With his major wins highlighted by a Belmont S. (G1)/Travers S. (G1) double, Essential Quality built the most solid body of work in a competitive three-year-old male division. The Godolphin homebred thereby joined the exclusive club of champion juveniles to follow up with another Eclipse at three. Since Spectacular Bid in the late 1970s, only Lookin at Lucky (2009-10) and American Pharoah (2014-15) have achieved the feat. Essential Quality’s 2021 resume also includes scores in the Blue Grass (G2), Jim Dandy (G2), and Southwest (G3). Both of his losses came on the two biggest stages. Enduring a wide trip when fourth across the wire in the Kentucky Derby (G1), beaten a length by Medina Spirit, Essential Quality concluded his career with a third in the Breeders’ Cup Classic. The Tapit colt was part of a tremendous year for the global Godolphin operation, which swept the outstanding owner and breeder Eclipse Awards. Essential Quality enters stud under the Darley banner at Jonabell, where he commands a fee of $75,000, stands and nurses.
|THREE-YEAR-OLD MALE||FIRST-PLACE VOTES (TOP THREE)|
|Life Is Good||18|
Malathaat – Champion Three-Year-Old Filly
None of last year’s three-year-old fillies enjoyed the consistency and rate of success as Malathaat, whose championship for Shadwell Stable is a posthumous tribute to stable founder Sheikh Hamdan bin Rashid Al Maktoum, who passed away last March. A long-striding daughter of Curlin, Malathaat fired fresh with a head victory in the Ashland (G1) in April. She then met the division’s best in the Kentucky Oaks (G1) later that month and again eked out a narrow victory, this time against Search Results. Placed in the unusual spot of setting the pace in the Coaching Club American Oaks (G1), Malathaat was run down late by longshot Maracuja, but rebounded with her most decisive win of the season in the Alabama (G1), scoring by 1 1/2 lengths. In her only attempt against older rivals, Malathaat finished third by a half-length to Japanese outsider Marche Lorraine in the Breeders’ Cup Distaff (G1). Malathaat stays in training in 2022 with trainer Todd Pletcher.
|THREE-YEAR-OLD FILLY||FIRST-PLACE VOTES (TOP TWO)|
Letruska – Champion Older Dirt Female
Although beaten 32 lengths as the favorite in the Breeders’ Cup Distaff (G1), Letruska had virtually sewn up champion older dirt female honors before turning in that vastly subpar performance. The St. George Stable homebred began her career in Mexico, where she was a champion at three, and came to the fore in the U.S. at five winning six graded stakes. Her most significant triumph of the season was an upset of champions Monomoy Girl and Swiss Skydiver in the Apple Blossom H. (G1). Other victories during the season occurred in the Spinster (G1), Personal Ensign (G1), Ogden Phipps (G1), Fleur de Lis (G2), and Houston Ladies Classic (G3), with her only other setback a head defeat in the Azeri (G2). The daughter of Super Saver stays in training with Fausto Gutierrez in 2022, with a title defense in the Apple Blossom to follow a scheduled return in the Feb. 26 Royal Delta (G3) at Gulfstream.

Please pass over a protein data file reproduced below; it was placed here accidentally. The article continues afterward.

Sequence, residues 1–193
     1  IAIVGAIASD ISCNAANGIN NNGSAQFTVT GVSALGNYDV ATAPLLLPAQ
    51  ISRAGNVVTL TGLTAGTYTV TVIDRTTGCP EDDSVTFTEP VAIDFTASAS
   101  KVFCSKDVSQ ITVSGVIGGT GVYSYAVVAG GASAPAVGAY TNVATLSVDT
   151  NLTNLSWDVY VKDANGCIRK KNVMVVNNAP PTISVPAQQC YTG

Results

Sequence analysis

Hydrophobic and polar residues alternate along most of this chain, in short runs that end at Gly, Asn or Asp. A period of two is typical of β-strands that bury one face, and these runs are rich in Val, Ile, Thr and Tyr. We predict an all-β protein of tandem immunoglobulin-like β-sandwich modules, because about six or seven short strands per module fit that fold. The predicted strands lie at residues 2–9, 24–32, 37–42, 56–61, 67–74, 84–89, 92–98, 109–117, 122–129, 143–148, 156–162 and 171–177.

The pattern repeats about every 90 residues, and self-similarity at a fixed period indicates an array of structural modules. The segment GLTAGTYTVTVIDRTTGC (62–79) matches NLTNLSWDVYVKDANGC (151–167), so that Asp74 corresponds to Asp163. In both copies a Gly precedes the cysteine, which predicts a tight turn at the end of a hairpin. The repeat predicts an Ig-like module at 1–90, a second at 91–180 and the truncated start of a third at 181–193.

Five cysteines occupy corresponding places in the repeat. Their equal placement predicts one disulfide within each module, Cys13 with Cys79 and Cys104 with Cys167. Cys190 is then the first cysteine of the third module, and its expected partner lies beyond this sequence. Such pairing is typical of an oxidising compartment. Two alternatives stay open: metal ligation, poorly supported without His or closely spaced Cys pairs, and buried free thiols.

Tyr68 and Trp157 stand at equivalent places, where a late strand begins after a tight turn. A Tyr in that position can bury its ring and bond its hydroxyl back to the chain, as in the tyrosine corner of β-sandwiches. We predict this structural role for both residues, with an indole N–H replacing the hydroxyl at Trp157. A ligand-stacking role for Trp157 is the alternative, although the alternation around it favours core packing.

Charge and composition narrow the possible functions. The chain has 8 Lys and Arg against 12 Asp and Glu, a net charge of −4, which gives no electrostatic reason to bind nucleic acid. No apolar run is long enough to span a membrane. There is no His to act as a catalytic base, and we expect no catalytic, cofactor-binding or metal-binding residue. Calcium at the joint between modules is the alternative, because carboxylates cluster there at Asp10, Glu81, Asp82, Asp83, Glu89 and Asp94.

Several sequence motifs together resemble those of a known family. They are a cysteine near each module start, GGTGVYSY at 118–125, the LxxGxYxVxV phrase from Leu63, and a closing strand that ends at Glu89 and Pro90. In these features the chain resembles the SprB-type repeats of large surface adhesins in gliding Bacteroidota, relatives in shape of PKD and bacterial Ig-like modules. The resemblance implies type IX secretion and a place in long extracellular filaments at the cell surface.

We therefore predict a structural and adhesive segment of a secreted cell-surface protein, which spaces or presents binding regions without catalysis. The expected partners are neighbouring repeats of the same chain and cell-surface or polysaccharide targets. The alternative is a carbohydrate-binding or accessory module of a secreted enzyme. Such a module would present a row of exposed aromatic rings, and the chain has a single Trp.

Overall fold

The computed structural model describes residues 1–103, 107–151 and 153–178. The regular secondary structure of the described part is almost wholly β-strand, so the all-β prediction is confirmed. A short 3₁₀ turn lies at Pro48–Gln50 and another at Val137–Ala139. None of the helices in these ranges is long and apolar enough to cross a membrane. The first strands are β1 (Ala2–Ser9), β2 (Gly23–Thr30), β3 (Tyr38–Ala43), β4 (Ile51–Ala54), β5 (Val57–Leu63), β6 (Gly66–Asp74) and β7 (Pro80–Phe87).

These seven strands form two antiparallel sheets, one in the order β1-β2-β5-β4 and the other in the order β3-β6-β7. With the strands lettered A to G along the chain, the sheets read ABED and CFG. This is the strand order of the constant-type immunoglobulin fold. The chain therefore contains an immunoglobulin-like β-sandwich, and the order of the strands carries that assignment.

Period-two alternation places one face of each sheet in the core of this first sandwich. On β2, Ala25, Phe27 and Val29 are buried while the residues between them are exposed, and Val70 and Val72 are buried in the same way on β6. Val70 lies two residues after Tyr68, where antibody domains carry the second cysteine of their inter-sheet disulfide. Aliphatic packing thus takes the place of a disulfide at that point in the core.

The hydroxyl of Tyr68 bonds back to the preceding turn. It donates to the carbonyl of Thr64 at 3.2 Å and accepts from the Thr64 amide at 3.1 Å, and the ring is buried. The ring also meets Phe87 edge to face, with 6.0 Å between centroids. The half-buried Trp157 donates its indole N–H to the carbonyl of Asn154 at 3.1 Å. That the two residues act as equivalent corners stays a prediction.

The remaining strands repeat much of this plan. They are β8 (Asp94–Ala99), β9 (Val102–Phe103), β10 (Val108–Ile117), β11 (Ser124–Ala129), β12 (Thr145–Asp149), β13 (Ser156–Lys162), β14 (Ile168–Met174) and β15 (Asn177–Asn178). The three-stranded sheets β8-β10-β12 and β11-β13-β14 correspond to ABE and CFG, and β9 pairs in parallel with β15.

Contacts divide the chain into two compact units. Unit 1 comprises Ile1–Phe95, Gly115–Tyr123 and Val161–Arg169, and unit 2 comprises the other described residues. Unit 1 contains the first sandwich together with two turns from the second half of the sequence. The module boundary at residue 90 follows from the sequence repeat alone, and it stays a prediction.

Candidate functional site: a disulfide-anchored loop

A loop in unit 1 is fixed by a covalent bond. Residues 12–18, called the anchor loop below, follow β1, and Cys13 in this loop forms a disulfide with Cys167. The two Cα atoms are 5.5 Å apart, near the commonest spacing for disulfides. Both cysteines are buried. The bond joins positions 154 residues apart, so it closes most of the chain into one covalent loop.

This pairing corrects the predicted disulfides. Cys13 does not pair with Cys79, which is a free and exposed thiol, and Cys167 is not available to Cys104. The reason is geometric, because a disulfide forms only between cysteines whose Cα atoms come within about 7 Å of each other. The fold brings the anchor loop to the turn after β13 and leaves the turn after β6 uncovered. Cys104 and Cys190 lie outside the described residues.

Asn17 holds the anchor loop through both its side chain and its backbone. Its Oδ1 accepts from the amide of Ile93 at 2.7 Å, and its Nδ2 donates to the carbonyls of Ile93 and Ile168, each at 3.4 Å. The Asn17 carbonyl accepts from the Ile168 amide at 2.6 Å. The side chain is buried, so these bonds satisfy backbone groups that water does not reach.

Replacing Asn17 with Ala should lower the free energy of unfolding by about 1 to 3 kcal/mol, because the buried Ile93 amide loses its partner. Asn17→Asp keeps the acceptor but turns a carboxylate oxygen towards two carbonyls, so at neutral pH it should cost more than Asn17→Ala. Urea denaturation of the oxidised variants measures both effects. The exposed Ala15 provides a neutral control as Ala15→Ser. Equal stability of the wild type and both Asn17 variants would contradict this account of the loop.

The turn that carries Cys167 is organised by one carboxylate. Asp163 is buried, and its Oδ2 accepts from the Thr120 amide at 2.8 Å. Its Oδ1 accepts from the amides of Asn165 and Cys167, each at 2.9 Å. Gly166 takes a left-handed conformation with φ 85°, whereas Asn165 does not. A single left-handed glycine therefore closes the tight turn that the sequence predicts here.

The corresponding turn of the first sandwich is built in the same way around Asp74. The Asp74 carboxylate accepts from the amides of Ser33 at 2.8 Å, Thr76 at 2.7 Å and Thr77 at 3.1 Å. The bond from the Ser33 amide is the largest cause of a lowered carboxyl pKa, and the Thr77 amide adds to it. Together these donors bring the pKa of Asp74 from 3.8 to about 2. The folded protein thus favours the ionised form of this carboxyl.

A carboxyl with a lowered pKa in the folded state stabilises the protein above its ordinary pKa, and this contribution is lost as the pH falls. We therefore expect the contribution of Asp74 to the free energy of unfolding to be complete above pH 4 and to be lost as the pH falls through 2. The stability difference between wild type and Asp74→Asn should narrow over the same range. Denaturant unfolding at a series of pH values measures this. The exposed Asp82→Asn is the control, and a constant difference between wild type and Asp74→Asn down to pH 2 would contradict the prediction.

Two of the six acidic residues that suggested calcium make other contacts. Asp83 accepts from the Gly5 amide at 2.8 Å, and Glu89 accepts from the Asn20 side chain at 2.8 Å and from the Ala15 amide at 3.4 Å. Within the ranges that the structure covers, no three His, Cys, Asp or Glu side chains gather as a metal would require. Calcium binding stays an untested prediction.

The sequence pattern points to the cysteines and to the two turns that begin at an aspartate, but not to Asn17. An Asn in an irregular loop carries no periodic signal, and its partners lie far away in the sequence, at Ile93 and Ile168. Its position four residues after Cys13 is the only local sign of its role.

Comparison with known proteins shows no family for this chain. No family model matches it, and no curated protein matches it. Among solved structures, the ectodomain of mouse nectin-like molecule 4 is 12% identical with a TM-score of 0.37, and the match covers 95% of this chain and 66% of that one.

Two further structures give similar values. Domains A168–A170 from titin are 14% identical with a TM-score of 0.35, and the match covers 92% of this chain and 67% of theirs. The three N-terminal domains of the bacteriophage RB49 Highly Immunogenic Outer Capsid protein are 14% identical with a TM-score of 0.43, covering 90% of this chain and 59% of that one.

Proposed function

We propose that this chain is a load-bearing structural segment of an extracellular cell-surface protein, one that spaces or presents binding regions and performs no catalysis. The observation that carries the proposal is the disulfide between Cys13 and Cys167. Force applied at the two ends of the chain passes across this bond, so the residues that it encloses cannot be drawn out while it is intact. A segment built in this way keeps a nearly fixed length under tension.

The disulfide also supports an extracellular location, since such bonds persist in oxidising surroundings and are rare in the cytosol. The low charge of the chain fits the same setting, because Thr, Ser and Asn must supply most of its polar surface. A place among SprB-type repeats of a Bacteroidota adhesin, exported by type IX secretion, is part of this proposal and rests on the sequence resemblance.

|OLDER DIRT FEMALE||FIRST-PLACE VOTES (TOP TWO)|
Yibir – Champion Turf Male
From challenging project to Eclipse Award winner, Yibir’s trajectory is a testimony to the horsemanship of Godolphin trainer Charlie Appleby and his team. The homebred son of Dubawi started his sophomore campaign promisingly enough in the Sandown Classic Trial (G3), finishing a close third to Alenquer and future Derby (G1)-winning stablemate Adayar. But a couple of losses ended his classic aspirations, and he was gelded. Yibir responded with a breakout performance in the Bahrain Trophy (G3) at Newmarket (G3), only to compromise his own chances when sixth in the Gordon (G3). The addition of a hood was all it took to transform Yibir into a champion. After a convincing win in the Great Voltigeur (G2) at York, he dominated both of his U.S. forays. Yibir rocketed from last to first in Belmont Park’s Jockey Club Derby and delivered a similar rally to lift the Breeders’ Cup Turf (G1) at Del Mar. With his future on the racecourse rather than at stud, the full brother to multiple Group 1 queen Wild Illusion could be a globetrotting presence for years to come. Yibir, the first three-year-old to win champion turf male since Conduit (2008), is pointing to the Mar. 26 Dubai Sheema Classic (G1) on World Cup night.
|TURF MALE||FIRST-PLACE VOTES (TOP 3)|
Loves Only You – Champion Turf Female
The first Japanese-based Breeders’ Cup winner is also her nation’s first Eclipse Award champion, both clinched when Loves Only You surged late in the Filly & Mare Turf (G1). Trained by Yoshito Yahagi for DMM Dream Club Co., the daughter of the legendary Deep Impact also wrapped up the champion older mare title in Japan. Ironically, her laurels are primarily dependent upon her exploits on the world stage, since her last top-level win at home came in the 2019 Yushun Himba (Japanese Oaks) (G1). Loves Only You beat males three times in 2021, capturing the Kyoto Kinen (G2) in her reappearance and winning both of Sha Tin’s premier events, the Queen Elizabeth II Cup (G1) and the Hong Kong Cup (G1) in her thrilling career finale. She also placed third to Mishriff in the Sheema Classic and second to Japanese champion filly Sodashi in the Sapporo Kinen (G2). A full sister to 2016 Dubai Turf (G1) hero Real Steel, Loves Only You was feted in a retirement ceremony at Tokyo Jan. 30. The six-year-old is beginning life as a broodmare for her breeder, Northern Farm.
|TURF FEMALE||FIRST-PLACE VOTES (TOP TWO)|
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Jackie’s Warrior – Champion Male Sprinter